Old Poem Saturday – Life – Treasone

Life_TreasoneIIIt is a great pleasure to be able to revisit this particular short poem and update my post about it. When I presented this poem back in March of this year (you can click here to travel back in time to it), I mentioned that the poet herself was a bit of a mystery. Despite the inclusion of this poem in multiple anthologies and the wide debate about the usage of metaphor in poetry it provokes, the only information about Ms. Treasone I could find was a two-line obituary for a woman of the same name that did not mention poetry.  But not long ago her daughter, Ellen, contacted me and let me know that it was her mother’s obituary and that I made the correct identification. I asked if I could share her note with you all, and she agreed.

She wrote, “I told her how proud I was of her for writing such a poem that would make people think, although it was very short, she told me it just meant; life is hard & a struggle and if you can figure out a way to cope and remember your mistakes, you can have a chance at happiness in your heart.”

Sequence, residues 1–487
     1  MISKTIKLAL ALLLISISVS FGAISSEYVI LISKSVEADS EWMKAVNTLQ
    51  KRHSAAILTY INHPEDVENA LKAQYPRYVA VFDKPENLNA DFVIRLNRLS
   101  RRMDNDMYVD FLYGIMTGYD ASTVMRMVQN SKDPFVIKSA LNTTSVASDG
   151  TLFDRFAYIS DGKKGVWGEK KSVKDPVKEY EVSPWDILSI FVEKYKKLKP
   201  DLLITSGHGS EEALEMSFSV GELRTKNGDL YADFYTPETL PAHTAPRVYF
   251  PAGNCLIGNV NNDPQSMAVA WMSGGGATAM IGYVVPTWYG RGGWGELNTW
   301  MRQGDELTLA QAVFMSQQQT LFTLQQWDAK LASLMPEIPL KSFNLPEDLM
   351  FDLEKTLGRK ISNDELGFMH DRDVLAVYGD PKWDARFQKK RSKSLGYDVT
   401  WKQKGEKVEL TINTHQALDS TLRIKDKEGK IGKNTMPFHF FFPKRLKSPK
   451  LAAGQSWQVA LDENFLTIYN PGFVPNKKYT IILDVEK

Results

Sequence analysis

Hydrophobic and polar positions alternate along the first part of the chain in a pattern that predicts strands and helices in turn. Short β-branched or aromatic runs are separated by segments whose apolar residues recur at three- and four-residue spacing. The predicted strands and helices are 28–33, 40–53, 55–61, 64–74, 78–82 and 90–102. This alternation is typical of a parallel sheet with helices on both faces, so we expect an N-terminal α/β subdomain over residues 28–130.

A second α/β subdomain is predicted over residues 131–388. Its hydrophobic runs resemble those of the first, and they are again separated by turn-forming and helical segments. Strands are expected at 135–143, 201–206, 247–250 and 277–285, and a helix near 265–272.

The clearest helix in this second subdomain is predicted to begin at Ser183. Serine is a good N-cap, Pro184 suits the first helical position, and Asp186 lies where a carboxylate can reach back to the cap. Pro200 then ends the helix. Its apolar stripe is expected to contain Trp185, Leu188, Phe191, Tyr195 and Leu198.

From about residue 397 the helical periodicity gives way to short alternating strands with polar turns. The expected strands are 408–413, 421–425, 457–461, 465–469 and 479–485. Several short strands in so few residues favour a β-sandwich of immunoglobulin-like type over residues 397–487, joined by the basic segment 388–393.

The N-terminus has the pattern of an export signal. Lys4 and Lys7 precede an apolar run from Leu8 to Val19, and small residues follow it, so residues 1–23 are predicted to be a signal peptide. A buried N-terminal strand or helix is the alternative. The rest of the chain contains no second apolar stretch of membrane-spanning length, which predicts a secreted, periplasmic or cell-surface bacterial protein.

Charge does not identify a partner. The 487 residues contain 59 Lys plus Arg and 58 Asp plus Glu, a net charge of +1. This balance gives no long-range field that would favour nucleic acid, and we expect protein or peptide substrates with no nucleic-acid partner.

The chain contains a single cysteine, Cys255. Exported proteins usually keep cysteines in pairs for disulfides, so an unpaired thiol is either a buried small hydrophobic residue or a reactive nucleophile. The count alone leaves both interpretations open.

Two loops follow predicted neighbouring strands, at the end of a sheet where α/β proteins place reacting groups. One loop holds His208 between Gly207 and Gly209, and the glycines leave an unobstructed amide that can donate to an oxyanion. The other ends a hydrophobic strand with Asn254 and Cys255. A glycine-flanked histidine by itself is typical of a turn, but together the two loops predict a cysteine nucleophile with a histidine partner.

A lovely sentiment – and I couldn’t agree more. I redesigned my illustration to reflect a mandala. Photo collage and composition by me, poem by Ms. Grace Marie Treasone (1925-2011), a poet and resident of Sarasota, Florida.


    1. You are so welcome! I agree – it is a treasure that we get to hear Ms. Treasone’s voice. I hope this will constitute a small digital record for her and her poem.


      1. Dear Ellen, it is my pleasure! Thank you again for taking the time to contact me and share your memories of your mother and the reasons she wrote the poem. It means a lot to me and so many others!


  1. I love the circle that was closed when you got the whole story, and how the mandala echoes that. And I loved this poem the first time, too, glad to see it again. What a nice thing this was to read.


    1. Thank you, Claudia! That’s how I felt too – it was all the stages of life in a story behind four short lines – our creative living years, children, death, and then the life that goes on after we are gone. I wanted the illustration to reflect that feeling.


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